New PC serves dual security needs

Two companies that specialize in providing high-level security devices to federal agencies have teamed up in the release of a new version of a multilevel security desktop system for agencies that deal with both classified and unclassified information.

Electronic Engineering Systems Inc. (EES) and Cryptek Secure Communications LLC have combined forces to create the new SuperNet 2000, a multilevel security solution that allows classified and unclassified data to be separately stored in a single PC and separately transmitted across local- and wide-area networks.

The SuperNet 2000 solution includes a built-from-scratch workstation that, in addition to various security features, comes with a system architecture designed to eliminate the need to set up two networks to ensure that classified and unclassified information never mix.

Agencies can save thousands of dollars per user in hardware and software licensing and maintenance costs by taking advantage of the dual system, officials of the two companies said.

EES developed the product to meet the Navy's specifications and since 1996 has sold more than $800,000 worth of SuperNet 2000 systems to the Navy under a blanket purchase agreement that recently expired, said Peter Shiakallis, president and director of operations for the Chesapeake, Va.-based company.

The system has two independent hard drives, but they share the processor, memory and video card. When a user has to change from the classified (also referred to as secret) system to the unclassified system, he flicks a switch that resets the PC and brings up the other system. Both systems cannot be on at the same time, Shiakallis said.

The latest version of SuperNet 2000 has been refreshed to include new technologies, including Cryptek Secure Communications' network interface card, which offers level B2 National Security Agency certification, which NSA confirmed is the highest given to any network product.

The system also incorporates a peripheral log-in device called a Smarty Smart Card, which looks like a floppy disk drive. Users must insert this card into the computer to log in to the system. The device, made by Fischer International Systems Corp., is designed to prevent unauthorized users within an organization from getting access to someone else's PC.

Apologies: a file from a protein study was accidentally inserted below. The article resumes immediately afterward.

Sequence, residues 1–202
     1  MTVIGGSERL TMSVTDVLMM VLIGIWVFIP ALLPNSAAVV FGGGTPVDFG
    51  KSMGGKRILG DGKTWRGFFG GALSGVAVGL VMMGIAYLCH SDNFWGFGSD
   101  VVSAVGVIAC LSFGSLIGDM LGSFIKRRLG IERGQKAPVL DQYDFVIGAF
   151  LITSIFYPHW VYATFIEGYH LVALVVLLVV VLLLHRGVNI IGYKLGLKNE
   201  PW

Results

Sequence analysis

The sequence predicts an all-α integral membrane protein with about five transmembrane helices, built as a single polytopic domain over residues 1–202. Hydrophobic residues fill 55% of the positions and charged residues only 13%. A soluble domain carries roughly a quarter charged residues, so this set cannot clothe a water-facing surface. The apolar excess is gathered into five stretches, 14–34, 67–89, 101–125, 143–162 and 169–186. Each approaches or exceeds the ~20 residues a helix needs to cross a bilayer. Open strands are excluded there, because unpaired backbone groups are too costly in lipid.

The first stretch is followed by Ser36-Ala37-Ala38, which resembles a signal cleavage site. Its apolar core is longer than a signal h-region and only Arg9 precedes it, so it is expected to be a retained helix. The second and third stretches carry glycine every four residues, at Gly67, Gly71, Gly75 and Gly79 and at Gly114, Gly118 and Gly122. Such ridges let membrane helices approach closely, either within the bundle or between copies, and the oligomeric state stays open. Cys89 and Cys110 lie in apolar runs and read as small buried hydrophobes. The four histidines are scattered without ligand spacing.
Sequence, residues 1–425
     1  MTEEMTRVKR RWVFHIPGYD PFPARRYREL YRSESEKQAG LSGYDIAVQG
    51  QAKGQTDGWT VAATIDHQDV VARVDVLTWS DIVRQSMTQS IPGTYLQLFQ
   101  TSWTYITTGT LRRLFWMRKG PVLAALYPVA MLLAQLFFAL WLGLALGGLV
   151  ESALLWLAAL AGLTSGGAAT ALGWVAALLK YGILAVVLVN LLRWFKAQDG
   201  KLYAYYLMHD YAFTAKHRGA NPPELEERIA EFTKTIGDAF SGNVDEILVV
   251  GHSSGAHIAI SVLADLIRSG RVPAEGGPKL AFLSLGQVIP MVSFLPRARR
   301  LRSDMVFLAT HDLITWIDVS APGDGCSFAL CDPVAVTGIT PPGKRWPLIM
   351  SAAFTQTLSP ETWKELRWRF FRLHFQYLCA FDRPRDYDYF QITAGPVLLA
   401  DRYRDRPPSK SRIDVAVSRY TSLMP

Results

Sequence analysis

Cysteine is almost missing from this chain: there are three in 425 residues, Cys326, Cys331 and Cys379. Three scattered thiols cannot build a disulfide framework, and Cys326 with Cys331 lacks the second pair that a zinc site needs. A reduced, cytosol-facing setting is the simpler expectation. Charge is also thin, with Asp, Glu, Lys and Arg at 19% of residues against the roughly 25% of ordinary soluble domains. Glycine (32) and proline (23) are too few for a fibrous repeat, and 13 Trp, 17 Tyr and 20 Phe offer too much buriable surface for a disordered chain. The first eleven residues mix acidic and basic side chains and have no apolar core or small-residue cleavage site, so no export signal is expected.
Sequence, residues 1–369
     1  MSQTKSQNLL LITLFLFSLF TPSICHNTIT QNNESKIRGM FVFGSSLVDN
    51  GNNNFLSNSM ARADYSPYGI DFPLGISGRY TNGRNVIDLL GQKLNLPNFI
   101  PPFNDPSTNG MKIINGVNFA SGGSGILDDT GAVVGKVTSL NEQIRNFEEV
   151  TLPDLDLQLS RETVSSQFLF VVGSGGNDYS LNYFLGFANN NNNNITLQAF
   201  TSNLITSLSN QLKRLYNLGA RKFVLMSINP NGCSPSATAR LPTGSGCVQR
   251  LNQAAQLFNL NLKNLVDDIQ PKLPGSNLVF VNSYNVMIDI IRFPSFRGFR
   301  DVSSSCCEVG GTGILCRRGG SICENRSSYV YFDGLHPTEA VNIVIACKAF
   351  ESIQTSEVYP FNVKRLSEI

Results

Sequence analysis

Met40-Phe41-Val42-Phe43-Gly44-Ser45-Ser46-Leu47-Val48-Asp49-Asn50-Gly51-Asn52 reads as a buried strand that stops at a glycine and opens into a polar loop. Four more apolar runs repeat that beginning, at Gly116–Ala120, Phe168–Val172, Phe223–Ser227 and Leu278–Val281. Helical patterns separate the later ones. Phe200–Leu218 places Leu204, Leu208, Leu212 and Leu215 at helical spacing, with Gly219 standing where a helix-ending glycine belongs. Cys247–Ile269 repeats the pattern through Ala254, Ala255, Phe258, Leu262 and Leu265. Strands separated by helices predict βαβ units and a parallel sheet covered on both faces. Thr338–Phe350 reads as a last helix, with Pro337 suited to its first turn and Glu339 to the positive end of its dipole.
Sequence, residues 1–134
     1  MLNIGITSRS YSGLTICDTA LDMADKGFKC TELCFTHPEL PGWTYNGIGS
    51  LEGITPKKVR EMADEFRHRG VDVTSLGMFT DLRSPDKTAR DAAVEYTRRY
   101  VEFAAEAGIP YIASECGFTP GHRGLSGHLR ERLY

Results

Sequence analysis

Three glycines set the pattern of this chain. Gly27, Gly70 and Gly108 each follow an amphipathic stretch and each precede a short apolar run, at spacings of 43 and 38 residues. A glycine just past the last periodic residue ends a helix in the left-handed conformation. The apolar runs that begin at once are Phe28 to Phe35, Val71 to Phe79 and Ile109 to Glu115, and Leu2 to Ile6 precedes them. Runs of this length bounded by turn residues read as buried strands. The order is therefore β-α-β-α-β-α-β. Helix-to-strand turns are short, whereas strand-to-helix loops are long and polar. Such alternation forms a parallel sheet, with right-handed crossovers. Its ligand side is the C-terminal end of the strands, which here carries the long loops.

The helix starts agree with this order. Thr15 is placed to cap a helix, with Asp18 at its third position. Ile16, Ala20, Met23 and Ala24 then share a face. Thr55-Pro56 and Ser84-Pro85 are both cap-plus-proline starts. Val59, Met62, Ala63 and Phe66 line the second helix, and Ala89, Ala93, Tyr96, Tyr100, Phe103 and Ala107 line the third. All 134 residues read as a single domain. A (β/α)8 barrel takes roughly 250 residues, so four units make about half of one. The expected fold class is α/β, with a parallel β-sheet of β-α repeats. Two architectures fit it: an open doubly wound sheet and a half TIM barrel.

"We incorporated features on the secure side, where it protects the information from attacks inside the organization and from attacks on the outside for data traveling through networks," Shiakallis said.

The new products create what Shiakallis calls a hardware firewall, which shifts the security burden from software firewalls typically used by government agencies that are included in Microsoft Corp. Windows NT and Unix operating systems.

Shiakallis said the hardware firewall is so good his company guarantees that SuperNet 2000 cannot be hacked. To back up that claim, EES soon will offer a $500,000 prize to anyone who can, Shiakallis said.John Garber, vice president of marketing for Cryptek Secure Communications, said his company's original network interface card, VSLAN, also received the B2 level certification from NSA.

The lengthy and expensive certification process includes a detailed examination by NSA of the way the product was designed, the way it was implemented and the specific security features it contains, Garber said. "The only reason anyone goes through that from a vendor point of view is because you end up with a product that has very, very high assurance," he said.

Garber also noted that the latest product uses a higher level of encryption and Internet Protocol Security, an open standard devised by the Internet Engineering Task Force for secure tunneling over the Internet between protected LANs.

The new Cryptek Secure Communications product encrypts part of the data headers to block hackers who hijack sessions by manipulating those headers, Garber said. Session hijacking is extremely dangerous because it gives hackers access to a user's live session, the server and all the privileges the user has.

Concern over security breaches that originate inside an organization also is prevalent, Garber said. He cited a study released this year by the International Computer Security Association showing that more than 80 percent of security breaches occur inside an organization.

"There is a tendency to think that all the problems are out there on the Internet, but that's not true," Garber said.

SuperNet 2000 is available on Science Applications International Corp.'s General Services Administration schedule. American Systems Engineering Corp. LLC, a subsidiary of SAIC, is responsible for marketing the system to government agencies. The price of a workstation equipped with an Intel Corp. Pentium III 450MHz processor is $4,100 without Cryptek Secure Communications or $6,000 with the Cryptek network interface card.

Shiakallis said Electronic Engineering Systems has been asked to develop a third system that can host three "virtual computers" on the same PC for high-level Pentagon officers who have to keep unclassified, secret and top-secret data separate. Gene Francis, SuperNet 2000 program manager at American Systems Engineering, said that so far none of the new systems has been sold to a federal customer, but the Immigration and Naturalization Service, the State Department, the Energy Department, the Defense Information Agency and the Navy's Space and Naval Warfare Systems Command are among the agencies that have expressed interest.

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